I’m reading In War’s Dark Shadow by W. Bruce Lincoln (having been prompted by my Unread books post), and a particular usage is bothering me. Here’s an example: “Among Russian writers and publicists, ignorance about the lives lived by such men and women bred contempt…” Elsewhere he quotes a “French publicist.” Now, to me, this is a completely un-English usage (to me a publicist is exclusively a press agent or other PR type); I’m familiar with it from Russian публицист [publitsist] ‘commentator on current affairs,’ but I always regarded its use in English as a flagrant example of translationese (like “echelon“). Now that I check the OED, I find that it is in fact good English:
2. loosely. A writer on current public topics; a journalist who makes political matters his speciality.
1833 Westm. Rev. Jan. 195 We hear of editors, reporters, writers in newspapers, and sometimes ‘publicists’, a neological term; but the world.. does not assign the definite meanings to these terms. 1863 S. EDWARDS Polish Captivity I. 78 Certain German publicists point with an air of triumph to the fact that Prussia has constructed a railroad from Posen to Breslau. 1874 GREEN Short Hist. x. §2. 752 The hacks of Grub Street were superseded by publicists of a high moral temper and literary excellence.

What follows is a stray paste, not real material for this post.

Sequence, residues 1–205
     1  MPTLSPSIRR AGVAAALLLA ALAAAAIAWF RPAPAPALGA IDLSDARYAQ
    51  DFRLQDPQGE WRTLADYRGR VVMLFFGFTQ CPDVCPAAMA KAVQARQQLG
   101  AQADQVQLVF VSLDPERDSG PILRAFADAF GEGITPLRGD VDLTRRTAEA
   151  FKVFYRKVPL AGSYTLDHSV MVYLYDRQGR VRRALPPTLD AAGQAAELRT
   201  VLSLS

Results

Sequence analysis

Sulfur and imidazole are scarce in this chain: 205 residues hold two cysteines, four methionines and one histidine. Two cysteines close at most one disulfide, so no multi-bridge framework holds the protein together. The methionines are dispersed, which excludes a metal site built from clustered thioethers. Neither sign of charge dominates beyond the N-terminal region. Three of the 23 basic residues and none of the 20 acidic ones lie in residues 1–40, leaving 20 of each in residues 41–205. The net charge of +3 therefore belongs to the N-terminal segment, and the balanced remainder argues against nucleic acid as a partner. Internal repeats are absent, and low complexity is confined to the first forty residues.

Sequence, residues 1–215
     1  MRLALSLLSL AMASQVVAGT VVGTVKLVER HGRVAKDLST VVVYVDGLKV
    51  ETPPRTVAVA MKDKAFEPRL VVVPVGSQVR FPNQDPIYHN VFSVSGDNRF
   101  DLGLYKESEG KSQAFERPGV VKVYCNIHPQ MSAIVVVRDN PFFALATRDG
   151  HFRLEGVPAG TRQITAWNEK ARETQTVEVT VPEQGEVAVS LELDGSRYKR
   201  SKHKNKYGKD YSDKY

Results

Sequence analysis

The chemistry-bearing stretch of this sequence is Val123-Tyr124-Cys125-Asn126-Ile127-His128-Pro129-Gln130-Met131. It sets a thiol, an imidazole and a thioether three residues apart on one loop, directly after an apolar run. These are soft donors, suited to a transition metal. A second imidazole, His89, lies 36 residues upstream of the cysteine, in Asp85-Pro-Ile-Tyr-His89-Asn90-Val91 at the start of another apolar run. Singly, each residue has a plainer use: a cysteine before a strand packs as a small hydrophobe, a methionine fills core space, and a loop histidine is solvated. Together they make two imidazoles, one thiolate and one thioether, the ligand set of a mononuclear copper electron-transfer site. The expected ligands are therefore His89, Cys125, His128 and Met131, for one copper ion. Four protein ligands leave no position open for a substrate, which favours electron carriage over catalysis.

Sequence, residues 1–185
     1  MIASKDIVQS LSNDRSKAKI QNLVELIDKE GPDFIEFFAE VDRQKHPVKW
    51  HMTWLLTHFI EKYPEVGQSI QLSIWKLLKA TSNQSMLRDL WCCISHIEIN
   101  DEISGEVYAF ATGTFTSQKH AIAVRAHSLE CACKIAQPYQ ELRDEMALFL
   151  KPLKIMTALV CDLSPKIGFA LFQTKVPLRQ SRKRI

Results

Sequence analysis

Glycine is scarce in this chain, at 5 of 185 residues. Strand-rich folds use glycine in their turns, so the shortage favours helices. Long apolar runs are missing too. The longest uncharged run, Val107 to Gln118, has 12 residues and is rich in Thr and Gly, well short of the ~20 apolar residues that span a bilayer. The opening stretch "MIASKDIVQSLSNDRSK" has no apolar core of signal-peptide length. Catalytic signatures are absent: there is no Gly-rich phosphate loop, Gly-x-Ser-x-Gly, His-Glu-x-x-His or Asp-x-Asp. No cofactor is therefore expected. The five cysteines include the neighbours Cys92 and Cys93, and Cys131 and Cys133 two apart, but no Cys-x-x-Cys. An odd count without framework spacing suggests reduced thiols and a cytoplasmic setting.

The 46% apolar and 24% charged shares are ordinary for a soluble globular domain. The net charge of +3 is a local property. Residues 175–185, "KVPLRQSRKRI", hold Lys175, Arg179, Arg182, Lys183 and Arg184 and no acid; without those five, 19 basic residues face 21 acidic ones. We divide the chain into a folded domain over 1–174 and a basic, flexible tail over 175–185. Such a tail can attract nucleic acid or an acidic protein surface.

But the last citation is from 1874, so it’s possible the sense is obsolete. Is it? Or have I simply missed it in my wide reading? As always, I await the multifarious verdict of my Varied Readers.
Incidentally, my apologies if you were unable to comment yesterday (as at least one reader who sent me an e-mail was); the site was having problems, which have since been corrected. (That’s also why there was no post for yesterday.) Thanks much to the good folks at Insider Hosting for their response to my anguished outcry!)